New Orleans may not be one of the typical “Top 5” tourist destinations, but its status as one of the states’ most underrated vacation spots makes it all the more interesting to visit. Don’t expect to find the star maps, tourist crowds, and “authentic” souvenir shops of other popular destinations, this city has a cool, cozy vibe all its own (which, to be honest, can sometimes be a bit hard to find in the states!).
Famous for its music scene, Mardi Gras celebration (February 7th-24th), fantastic nighttime scene, and great flea markets and antique shopping, New Orleans is a vibrant city with loads to explore. Due to a difficult history, and most recently, of course, to the plague of catastrophic hurricanes, New Orleans is also a city that is constantly changing. Repairing, reworking, and rebuilding has become the a part of the fiber of the city, and the city’s ability to recover is a thing to behold (or, even, get involved with).
Look into the history of the Deep South via a Creole plantation tour. The Laura Plantation is an excellent source of history, the plantation, the house and its contents document 250 years of Southern history.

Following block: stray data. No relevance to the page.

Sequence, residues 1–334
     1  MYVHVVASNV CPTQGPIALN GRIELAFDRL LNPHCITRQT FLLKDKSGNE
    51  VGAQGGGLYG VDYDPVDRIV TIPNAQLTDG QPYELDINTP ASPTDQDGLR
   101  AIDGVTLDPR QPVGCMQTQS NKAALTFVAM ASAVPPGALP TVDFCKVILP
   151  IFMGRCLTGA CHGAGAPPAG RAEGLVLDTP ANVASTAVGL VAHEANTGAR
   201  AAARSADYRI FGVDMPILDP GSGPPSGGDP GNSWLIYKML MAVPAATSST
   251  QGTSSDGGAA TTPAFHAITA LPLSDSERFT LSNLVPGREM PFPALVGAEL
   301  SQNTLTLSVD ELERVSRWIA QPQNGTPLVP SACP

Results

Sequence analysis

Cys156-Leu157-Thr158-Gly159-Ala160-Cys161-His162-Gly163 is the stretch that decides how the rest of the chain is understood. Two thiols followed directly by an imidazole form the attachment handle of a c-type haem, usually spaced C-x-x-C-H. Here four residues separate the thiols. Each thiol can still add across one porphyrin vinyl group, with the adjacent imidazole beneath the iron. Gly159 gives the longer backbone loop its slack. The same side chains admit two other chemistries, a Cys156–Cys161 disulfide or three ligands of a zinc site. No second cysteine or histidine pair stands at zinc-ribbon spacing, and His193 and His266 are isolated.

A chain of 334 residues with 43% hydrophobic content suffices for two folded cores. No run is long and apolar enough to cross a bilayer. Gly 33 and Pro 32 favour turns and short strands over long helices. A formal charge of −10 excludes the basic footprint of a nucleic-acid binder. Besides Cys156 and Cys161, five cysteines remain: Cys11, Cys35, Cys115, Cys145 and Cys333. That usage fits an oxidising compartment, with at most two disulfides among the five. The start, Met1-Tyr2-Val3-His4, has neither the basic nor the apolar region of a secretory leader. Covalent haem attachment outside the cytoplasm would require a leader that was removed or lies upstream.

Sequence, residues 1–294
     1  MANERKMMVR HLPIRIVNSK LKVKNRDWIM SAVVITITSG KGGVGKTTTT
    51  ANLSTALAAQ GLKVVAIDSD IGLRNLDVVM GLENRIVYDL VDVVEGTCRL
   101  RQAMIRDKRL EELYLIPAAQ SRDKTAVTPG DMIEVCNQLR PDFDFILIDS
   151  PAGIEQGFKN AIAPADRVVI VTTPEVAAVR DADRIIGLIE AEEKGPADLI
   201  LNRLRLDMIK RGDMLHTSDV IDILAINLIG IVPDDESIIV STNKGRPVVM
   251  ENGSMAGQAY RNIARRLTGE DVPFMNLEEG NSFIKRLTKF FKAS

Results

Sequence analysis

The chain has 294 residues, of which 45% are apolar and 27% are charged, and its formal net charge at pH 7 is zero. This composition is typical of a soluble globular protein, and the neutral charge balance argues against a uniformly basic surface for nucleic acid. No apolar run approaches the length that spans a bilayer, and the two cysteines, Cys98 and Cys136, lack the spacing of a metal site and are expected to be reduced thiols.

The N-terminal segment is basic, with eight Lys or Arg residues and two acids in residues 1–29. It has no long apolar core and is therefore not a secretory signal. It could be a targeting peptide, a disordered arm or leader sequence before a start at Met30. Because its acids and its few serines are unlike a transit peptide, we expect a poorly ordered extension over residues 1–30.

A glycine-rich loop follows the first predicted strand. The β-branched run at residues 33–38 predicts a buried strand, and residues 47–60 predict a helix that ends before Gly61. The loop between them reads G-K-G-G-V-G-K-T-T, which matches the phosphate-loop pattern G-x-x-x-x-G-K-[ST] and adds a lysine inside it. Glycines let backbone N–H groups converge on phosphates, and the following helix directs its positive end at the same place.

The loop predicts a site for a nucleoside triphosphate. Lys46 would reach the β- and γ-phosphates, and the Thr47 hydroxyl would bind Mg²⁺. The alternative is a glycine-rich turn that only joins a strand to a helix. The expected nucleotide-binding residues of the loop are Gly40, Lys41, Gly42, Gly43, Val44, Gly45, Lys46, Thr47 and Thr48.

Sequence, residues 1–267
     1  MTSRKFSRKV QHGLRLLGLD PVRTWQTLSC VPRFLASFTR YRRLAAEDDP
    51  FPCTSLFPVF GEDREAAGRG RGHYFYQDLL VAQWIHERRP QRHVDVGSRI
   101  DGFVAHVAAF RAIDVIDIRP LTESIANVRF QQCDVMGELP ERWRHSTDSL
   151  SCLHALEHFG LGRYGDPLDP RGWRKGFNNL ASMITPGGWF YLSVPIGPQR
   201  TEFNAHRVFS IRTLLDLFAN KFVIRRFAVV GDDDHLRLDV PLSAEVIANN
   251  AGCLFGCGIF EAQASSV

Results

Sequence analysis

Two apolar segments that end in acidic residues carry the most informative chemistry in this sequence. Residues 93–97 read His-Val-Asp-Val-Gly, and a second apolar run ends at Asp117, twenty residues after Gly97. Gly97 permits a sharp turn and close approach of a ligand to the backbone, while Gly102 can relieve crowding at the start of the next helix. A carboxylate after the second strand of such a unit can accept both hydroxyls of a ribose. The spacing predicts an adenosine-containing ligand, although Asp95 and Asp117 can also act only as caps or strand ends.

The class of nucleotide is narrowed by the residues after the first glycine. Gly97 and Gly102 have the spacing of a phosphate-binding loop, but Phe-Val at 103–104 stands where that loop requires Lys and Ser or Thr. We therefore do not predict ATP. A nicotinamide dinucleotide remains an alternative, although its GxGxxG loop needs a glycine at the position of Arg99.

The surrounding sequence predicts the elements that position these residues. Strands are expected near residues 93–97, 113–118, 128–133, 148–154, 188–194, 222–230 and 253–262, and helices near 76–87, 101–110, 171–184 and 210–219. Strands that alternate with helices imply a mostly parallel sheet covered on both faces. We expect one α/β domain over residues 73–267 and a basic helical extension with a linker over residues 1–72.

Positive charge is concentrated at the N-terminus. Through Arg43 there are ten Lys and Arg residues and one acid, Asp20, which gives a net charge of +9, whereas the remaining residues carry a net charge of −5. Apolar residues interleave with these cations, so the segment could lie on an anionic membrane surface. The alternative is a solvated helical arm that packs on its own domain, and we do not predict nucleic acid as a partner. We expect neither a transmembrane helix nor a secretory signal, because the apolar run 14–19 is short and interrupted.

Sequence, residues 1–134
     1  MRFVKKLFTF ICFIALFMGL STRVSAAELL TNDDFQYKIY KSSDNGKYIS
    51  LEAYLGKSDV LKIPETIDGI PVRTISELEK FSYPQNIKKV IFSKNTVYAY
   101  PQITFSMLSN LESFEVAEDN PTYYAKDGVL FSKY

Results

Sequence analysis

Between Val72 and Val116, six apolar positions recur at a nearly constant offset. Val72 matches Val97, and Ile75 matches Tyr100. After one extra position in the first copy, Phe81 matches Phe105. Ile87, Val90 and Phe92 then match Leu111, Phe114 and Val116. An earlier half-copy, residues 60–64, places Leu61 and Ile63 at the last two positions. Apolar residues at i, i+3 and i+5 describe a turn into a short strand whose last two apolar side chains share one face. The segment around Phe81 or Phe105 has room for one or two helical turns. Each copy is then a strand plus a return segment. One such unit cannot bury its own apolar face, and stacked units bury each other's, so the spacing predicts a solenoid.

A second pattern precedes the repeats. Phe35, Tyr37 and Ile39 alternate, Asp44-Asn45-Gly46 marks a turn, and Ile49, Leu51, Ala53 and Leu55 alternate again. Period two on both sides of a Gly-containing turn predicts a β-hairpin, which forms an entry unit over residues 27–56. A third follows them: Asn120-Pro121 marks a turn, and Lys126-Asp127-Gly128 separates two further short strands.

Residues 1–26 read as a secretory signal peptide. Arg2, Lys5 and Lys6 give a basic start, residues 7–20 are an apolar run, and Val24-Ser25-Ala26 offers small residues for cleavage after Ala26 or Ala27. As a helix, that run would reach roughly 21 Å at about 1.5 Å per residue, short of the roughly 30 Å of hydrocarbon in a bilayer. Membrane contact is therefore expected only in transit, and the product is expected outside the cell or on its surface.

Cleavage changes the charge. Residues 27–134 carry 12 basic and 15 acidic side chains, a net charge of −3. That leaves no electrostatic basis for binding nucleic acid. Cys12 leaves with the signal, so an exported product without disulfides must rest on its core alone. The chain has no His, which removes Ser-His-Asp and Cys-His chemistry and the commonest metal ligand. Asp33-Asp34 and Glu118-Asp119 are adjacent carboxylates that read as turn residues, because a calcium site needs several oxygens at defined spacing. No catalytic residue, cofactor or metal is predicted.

If it’s the nightlife you came for, then the French Quarter is the place to go. Bordering on the Mississippi River, this district is overflowing with trendy hotels, bars, and clubs. Hit the streets to find crawfish or a piping hot bowl of Jambalaya, visit the famed Café du Monde for a café au lait and some beignets before hitting Bourbon Street for a night of drinks, drunks, and unbelievable live music.
New Orleans is famous for its cocktails, be sure to sample a few, or even take a cocktail tour to learn about the history of every drink from Pimm’s Cup to the legendary Sazerac.
Other great stops within the city include the Saint Louis Cemetery (modeled after the Père Lachaise Cemetery in Paris) and the open-air French Market (fresh food and souvenirs abounds). Along the way you’ll pass local museums for every taste, everything from Anne Rice (the famous vampire novelist) to the World War II Museum, or even a little history of voodoo magic. Take a break from your stroll and stop into a few, you never know what you might discover!
And if you’re a fan of famous British street artist, Banksy, be sure to look for his New Orleans “Hurricane Katrina” series while you’re there.